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10 - All Under the Tsar

Russia’s Eurasian Trajectory

Published online by Cambridge University Press:  07 January 2021

Yuri Pines
Affiliation:
Hebrew University of Jerusalem
Michal Biran
Affiliation:
Hebrew University of Jerusalem
Jörg Rüpke
Affiliation:
Universität Erfurt, Germany
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Summary

This article considers the significance of geopolitical space to the configuration of the Russian Empire. The spatial possibilities for empire depend in part on what other empires have set in place or ignored. Moscow emerged as a bud of imperial power because at the start no great power was interested in its backwater location. Ambitious princes in this region had a chance to expand and learn how to govern before other powers took notice. Moscow’s leaders also had the good geographical fortune of eventually rubbing up against multiple imperial powers during their history. Their dynasty, the Rus’, had integrated Viking and Eurasian-style political practices on the way to power in Kiev. Kiev bequeathed Muscovites a distinctly imperial state religion – Byzantine-style Christianity with its linguistic tolerance, writing systems, and resplendent art. When the Mongols extended their western empire into the lands of the Rus’, the Muscovites acquired useful administrative techniques and were compelled into expansion to retain their hold as first-rank subordinates of the Chinggisid khans. The subsequent Romanov dynasty and the later communist and post-communist leaders continued the practices of expansion in Eurasian space and inclusion of unlike peoples under imperial protection and discipline. Russia’s rulers kept acquiring military, economic, and cultural skills from a series of imperial competitors – the Ottomans, Habsburgs, Prussians, British and the rest of what became known as the West – over the next centuries and into the present. At the start, distance from great powers gave Moscow time to run over smaller ones, but eventually expansion outward in multiple directions was critical to how Russians put their empires together and ruled them.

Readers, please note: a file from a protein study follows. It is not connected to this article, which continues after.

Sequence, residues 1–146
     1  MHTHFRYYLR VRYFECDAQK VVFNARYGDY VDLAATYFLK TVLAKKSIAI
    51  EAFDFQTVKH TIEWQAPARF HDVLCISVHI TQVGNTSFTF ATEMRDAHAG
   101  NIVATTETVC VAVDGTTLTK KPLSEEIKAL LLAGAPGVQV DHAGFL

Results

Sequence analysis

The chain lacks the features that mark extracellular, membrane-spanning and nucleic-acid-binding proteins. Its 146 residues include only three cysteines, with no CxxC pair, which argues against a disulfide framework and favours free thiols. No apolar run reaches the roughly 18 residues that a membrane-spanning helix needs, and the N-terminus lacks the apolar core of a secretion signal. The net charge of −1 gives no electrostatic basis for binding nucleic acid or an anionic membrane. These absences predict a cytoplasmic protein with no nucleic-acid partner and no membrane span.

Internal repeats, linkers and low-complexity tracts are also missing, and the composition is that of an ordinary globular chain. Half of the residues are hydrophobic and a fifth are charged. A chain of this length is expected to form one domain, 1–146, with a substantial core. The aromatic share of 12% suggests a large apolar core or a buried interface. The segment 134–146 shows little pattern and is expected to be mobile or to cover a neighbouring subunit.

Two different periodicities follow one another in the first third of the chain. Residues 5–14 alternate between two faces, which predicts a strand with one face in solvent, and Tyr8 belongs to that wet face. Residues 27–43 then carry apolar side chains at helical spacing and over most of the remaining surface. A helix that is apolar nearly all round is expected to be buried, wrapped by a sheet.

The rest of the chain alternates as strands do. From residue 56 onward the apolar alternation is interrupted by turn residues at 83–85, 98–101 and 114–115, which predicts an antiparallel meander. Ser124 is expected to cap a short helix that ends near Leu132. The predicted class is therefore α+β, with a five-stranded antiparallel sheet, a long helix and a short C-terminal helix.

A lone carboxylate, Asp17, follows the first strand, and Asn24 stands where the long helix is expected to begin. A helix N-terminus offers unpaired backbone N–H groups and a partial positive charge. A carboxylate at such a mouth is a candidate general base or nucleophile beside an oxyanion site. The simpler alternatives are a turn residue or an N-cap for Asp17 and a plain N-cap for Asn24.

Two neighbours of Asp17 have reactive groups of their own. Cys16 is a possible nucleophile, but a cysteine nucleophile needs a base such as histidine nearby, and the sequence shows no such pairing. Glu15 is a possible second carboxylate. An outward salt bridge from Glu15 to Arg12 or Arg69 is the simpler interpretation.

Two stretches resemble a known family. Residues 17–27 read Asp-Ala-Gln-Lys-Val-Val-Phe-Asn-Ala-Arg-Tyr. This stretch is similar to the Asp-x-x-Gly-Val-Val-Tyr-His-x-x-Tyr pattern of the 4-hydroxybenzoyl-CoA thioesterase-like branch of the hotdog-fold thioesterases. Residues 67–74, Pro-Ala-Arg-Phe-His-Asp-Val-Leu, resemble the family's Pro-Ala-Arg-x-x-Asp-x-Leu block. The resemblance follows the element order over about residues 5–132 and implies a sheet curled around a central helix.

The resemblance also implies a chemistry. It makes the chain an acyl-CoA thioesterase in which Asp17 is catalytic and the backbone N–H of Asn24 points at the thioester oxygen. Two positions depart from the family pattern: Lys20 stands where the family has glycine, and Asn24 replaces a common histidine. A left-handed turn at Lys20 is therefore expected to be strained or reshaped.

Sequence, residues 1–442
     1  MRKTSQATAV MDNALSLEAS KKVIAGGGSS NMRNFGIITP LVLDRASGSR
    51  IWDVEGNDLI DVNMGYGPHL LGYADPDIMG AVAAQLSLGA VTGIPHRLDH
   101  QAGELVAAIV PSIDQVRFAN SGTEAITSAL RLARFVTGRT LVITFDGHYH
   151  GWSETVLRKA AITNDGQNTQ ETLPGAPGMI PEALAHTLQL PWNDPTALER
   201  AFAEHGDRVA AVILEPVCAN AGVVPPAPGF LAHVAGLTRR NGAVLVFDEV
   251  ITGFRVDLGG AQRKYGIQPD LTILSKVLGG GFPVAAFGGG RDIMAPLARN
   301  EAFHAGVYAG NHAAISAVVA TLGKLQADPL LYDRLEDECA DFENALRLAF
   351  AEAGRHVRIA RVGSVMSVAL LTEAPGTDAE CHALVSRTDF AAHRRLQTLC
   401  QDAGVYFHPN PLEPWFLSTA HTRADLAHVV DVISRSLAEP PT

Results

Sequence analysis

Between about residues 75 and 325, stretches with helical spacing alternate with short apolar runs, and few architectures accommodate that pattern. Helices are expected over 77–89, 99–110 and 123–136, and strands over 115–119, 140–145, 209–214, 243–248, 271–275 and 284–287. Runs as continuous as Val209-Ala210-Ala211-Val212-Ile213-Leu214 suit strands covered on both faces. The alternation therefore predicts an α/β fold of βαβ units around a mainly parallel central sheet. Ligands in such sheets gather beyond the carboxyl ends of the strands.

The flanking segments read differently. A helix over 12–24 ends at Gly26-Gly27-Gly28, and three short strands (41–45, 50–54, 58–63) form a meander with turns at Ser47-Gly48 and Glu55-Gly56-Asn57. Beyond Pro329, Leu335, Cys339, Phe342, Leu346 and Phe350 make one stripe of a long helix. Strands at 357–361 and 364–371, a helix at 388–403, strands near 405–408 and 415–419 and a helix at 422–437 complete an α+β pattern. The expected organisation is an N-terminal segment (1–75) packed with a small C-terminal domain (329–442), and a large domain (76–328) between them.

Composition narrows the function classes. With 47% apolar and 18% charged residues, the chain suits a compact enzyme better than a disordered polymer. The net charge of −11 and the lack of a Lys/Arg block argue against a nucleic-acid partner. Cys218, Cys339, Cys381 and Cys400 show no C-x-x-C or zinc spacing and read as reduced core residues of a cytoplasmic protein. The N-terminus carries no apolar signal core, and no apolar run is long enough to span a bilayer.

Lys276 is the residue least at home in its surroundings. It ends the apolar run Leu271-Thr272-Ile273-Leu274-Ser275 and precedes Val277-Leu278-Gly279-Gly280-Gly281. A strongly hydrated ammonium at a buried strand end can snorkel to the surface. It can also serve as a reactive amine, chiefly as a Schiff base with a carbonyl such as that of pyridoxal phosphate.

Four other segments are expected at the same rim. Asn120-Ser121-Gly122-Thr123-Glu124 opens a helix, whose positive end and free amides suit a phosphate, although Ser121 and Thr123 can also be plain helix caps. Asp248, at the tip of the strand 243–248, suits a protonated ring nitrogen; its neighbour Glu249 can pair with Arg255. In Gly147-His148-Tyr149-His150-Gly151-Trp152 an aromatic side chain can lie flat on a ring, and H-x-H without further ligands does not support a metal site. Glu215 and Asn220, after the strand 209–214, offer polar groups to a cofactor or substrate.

Type
Chapter
Information
The Limits of Universal Rule
Eurasian Empires Compared
, pp. 342 - 375
Publisher: Cambridge University Press
Print publication year: 2021

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